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I Ain't Gonna Paint No More! by Karen…

I Ain't Gonna Paint No More!

by Karen Beaumont

Other authors: David Catrow (Illustrator)

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897919,836 (4.42)9



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Showing 1-5 of 91 (next | show all)
This is a funny twist on the original song and instead of singing It Ain't Gonna Rain No More, a little boy changes it to he Ain't Gonna Paint No More. The reader instantly understands through the colorful illustrations that the boy has taken to painting himself and his house rather than his paper and he has found himself in trouble with his mother. Readers will adore the rhyming song where they can anticipate what the next body part is the he is painting before seeing it. The final page has a humorous twist that children are sure to enjoy. The illustrations are boldly placed, some taking up both pages, even if they are single page the placement of the text and the illustrations work together to draw readers attention in and hold it captive.
  Keinhorn | Mar 12, 2016 |
Banned from painting our protagonist says he "ain't gonna paint no more!" just you know some red on his head and black on his back.
  Stephanie_Addison | Dec 4, 2015 |
This book was pure bliss, very cute and can be read to the tune of the song it's written after. Very colorful. ( )
  KassRuiz | Dec 3, 2015 |
Funny story for younger students about a mischievous painter who wants to paint everything. Students can start to predict words that are upcoming because they rhyme with the previous page. Students can also memorize this story to sing along with body movements.
  KyleeO | Nov 30, 2015 |
I truly enjoyed this book because of the illustrations, the language, and the point of view.
The illustrations for this book are absolutely amazing. The bright colors throughout this book keep the readers interest. It was amazing to see how the illustrator was able to blend all the bright colors together. It was also interesting to see how the author used different patterns on different body parts to indicate with body part the words were referring to.
I also enjoyed the language of this book. It is not common for a young children’s books to use such language as “I aint gonna paint no more”, seeing how it is not academic English. I found it surprisingly refreshing. Despite using the same phrase “I aint gonna paint no more”, it did not become irritating because of how the language was used throughout the book. The author also used rhyming to allow the children a chance to guess what the main character was going to paint next. An example of this is: “Guess there ain’t no harm if I paint my… arm”. A child had the chance to guess that the child was going to paint their arm.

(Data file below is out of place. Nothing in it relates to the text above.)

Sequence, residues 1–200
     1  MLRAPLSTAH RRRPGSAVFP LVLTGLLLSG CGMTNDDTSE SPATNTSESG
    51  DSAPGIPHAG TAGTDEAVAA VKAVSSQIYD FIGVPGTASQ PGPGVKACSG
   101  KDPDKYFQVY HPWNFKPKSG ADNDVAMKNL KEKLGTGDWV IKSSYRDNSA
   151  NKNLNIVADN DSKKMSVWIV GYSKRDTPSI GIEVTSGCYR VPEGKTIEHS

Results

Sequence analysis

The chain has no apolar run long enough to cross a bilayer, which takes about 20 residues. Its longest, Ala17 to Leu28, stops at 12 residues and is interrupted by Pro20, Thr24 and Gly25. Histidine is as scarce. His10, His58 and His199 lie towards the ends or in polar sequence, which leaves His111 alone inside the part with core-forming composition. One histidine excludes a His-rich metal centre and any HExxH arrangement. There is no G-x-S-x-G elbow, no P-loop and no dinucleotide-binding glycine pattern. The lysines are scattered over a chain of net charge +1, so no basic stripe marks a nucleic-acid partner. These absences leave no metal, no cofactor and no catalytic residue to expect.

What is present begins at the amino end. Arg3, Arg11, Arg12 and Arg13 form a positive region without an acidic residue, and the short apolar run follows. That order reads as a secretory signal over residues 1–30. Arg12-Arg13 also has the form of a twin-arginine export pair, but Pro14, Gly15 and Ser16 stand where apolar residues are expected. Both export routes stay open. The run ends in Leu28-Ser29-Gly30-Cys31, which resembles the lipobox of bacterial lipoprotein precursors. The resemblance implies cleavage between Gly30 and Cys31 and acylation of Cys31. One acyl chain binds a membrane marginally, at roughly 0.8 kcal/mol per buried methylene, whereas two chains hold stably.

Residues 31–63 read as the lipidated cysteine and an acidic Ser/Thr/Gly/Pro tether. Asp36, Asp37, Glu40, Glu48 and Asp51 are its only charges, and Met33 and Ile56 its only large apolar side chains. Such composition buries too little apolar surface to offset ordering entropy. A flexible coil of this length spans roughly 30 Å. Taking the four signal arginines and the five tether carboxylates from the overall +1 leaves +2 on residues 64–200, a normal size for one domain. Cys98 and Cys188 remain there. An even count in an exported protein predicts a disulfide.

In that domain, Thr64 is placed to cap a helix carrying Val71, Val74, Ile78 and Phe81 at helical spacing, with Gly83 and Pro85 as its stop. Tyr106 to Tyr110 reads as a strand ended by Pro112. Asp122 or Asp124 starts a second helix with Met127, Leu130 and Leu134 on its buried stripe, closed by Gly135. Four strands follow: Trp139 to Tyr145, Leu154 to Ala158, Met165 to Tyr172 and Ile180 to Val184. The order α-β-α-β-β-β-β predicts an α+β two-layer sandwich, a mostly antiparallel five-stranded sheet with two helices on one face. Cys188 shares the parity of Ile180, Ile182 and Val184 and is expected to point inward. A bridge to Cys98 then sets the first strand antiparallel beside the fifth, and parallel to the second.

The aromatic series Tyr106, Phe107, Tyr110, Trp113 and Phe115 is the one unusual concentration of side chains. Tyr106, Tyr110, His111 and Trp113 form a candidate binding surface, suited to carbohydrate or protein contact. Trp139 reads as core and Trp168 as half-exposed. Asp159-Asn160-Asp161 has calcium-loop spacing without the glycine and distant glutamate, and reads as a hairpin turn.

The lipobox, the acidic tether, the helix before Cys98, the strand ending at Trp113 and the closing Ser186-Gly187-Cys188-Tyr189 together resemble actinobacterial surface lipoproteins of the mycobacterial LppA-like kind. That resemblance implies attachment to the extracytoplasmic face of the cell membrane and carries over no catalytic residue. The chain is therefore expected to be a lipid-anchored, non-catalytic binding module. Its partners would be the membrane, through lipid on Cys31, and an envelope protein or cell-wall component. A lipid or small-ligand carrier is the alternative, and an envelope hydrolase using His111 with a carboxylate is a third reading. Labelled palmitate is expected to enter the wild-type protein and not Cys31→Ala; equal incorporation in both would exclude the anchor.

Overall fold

Finally, I liked the point of view of this story. I enjoyed that it was from the child’s point of view, first person. It allowed the book to flow a bit better and it also shows young readers that they can be just as good of an artist as the main character, we are not told his name. It was also interesting to see how he, the main character, continued to talk himself into continuing to paint till his mother again had to yell at him.
The message of this book is that sometimes we have to not do things that we really want to. ( )
  graceberry | Nov 15, 2015 |
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Author nameRoleType of authorWork?Status
Karen Beaumontprimary authorall editionsconfirmed
Catrow, DavidIllustratorsecondary authorall editionsconfirmed
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One day my mama caught me paintin' pictures on the floor and the ceiling and the walls and the curtains and the door, and I heard my mama holler like I never did before..."Ya ain't a-gonna paint no more!"
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Amazon.com Product Description (ISBN 0152024883, Hardcover)

A dab of blue here, a splash of red there, a goopy smear of green . . . everywhere. To the tune of "It Ain't Gonna Rain No More," one creative kid floods his world with color, painting first the walls, then the ceiling, then HIMSELF! Before this feisty artist is through, he'll have painted his head, back, hands, legs, feet, and . . . Oh no--here comes Mama!

Karen Beaumont's zippy text and David Catrow's zany illustrations turn an infamous childhood activity into raucous storytime fun, giving a silly twist to the fine art of self-expression.

(retrieved from Amazon Thu, 12 Mar 2015 18:03:42 -0400)

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In the rhythm of a familiar folk song, a child cannot resist adding one more dab of paint in surprising places.

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